9sngl_sam_hypts2

# 9sngl_sam_hypts2 - Single sample hypothesis testing II 9.07...

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Single sample hypothesis testing, II 9.07 3/02/2004

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Outline • Very brief review • One-tailed vs. two-tailed tests • Small sample testing • Significance & multiple tests II: Data snooping • What do our results mean? • Decision theory and power
Brief review • Null and alternative hypothesis – Null: only chance effects – Alternative: systematic + chance effects • Assume the null is true • Given this assumption, how likely is it that we’d see values at least as extreme as the ones we got? • If it’s highly unlikely, reject the null hypothesis, and say the results are statistically significant. – The results are due to a combination of chance and a systematic effect.

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Key Concepts •H 0 and H a are contradictory (mutually exclusive) • Support for H a can only be obtained indirectly -- by rejecting H 0 • Rationale: – We can never prove anything true, but we can prove something false – We know the value of the parameter given H 0 but not given H a
Why bother with H a at all? • The alternative hypothesis describes the condition that is contrary to the null hypothesis, and this can be directional or non-directional – Directional: The effect only occurs in a specific direction -- increases or decreases – Non-directional: The effect may be greater or less than a population parameter

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Outline • Very brief review • One-tailed vs. two-tailed tests • Small sample testing • Significance & multiple tests II: Data snooping • What do our results mean? • Decision theory and power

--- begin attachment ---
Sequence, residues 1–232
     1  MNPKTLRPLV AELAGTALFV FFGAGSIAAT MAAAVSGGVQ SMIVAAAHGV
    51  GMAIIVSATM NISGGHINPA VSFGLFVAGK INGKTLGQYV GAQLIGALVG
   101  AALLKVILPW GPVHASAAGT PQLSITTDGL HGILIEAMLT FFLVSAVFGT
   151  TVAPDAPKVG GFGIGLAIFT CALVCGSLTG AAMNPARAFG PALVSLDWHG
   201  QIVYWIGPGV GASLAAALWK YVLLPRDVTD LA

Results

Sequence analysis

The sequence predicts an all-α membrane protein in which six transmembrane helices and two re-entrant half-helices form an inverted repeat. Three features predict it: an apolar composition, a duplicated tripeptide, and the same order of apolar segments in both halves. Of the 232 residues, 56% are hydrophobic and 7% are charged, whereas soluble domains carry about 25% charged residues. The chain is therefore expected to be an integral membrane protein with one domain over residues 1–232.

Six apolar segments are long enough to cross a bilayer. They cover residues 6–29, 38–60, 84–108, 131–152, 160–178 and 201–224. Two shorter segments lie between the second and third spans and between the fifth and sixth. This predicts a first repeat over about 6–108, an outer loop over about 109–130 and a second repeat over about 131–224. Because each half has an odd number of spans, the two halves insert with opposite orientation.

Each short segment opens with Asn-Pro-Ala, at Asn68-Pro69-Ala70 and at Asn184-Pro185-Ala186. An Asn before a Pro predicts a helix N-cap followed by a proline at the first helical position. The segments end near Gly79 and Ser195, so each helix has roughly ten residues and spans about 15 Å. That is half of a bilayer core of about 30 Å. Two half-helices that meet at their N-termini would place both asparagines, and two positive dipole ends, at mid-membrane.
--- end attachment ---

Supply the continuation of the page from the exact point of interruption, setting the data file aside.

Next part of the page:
A Tale of Two Tails • Directional hypotheses are called one-tailed – We are only interested in deviations at one tail of the distribution • Non-directional hypotheses are called two- tailed – We are interested in any significant deviations from H 0

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The p-value for a test of H o : = o against: H a : μ> μ o is prob H a : μ< μ o is prob H a : μ μ o is prob z |z| z Figure by MIT OCW. μ μ
How do you decide to use a one- or two-tailed approach? p z obt 2p A one-tailed approach is more liberal -- it is more likely to declare a result significant. –t crit = 1.69 5%, one-tailed –t crit = 2.03 5%, two-tailed There’s no one right answer as to which test to use. People will debate this point.

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The moderate approach: • If there’s a strong, prior, theoretical expectation that the effect will be in a particular direction (A>B), then you may use a one-tailed approach. Otherwise, use a two-tailed test. • Because only an A>B result is interesting, concentrate your attention on whether there is evidence for a difference in that direction. – E.G. does this new educational reform improve students’ test scores? – Does this drug reduce depression?
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## This note was uploaded on 11/11/2011 for the course BIO 9.07 taught by Professor Ruthrosenholtz during the Spring '04 term at MIT.

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9sngl_sam_hypts2 - Single sample hypothesis testing II 9.07...

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